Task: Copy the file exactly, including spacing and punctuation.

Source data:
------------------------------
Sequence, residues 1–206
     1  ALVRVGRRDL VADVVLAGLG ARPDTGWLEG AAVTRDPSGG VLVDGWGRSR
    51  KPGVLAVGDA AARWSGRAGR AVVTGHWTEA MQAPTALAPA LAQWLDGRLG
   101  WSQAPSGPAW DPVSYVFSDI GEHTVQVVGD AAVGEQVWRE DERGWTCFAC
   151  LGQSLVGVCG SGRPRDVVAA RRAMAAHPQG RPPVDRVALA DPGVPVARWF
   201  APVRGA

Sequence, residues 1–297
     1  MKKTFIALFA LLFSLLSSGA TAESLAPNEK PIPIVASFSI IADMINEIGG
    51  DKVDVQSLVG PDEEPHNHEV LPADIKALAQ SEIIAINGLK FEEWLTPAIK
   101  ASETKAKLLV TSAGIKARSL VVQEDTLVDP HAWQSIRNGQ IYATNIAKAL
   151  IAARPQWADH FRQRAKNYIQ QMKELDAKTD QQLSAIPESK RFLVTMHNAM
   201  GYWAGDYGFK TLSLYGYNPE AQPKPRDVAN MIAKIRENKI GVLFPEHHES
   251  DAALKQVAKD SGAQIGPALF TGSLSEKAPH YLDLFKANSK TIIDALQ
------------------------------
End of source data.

Sequence, residues 1–206
     1  ALVRVGRRDL VADVVLAGLG ARPDTGWLEG AAVTRDPSGG VLVDGWGRSR
    51  KPGVLAVGDA AARWSGRAGR AVVTGHWTEA MQAPTALAPA LAQWLDGRLG
   101  WSQAPSGPAW DPVSYVFSDI GEHTVQVVGD AAVGEQVWRE DERGWTCFAC
   151  LGQSLVGVCG SGRPRDVVAA RRAMAAHPQG RPPVDRVALA DPGVPVARWF
   201  APVRGA

Sequence, residues 1–297
     1  MKKTFIALFA LLFSLLSSGA TAESLAPNEK PIPIVASFSI IADMINEIGG
    51  DKVDVQSLVG PDEEPHNHEV LPADIKALAQ SEIIAINGLK FEEWLTPAIK
   101  ASETKAKLLV TSAGIKARSL VVQEDTLVDP HAWQSIRNGQ IYATNIAKAL
   151  IAARPQWADH FRQRAKNYIQ QMKELDAKTD QQLSAIPESK RFLVTMHNAM
   201  GYWAGDYGFK TLSLYGYNPE AQPKPRDVAN MIAKIRENKI GVLFPEHHES
   251  DAALKQVAKD SGAQIGPALF TGSLSEKAPH YLDLFKANSK TIIDALQ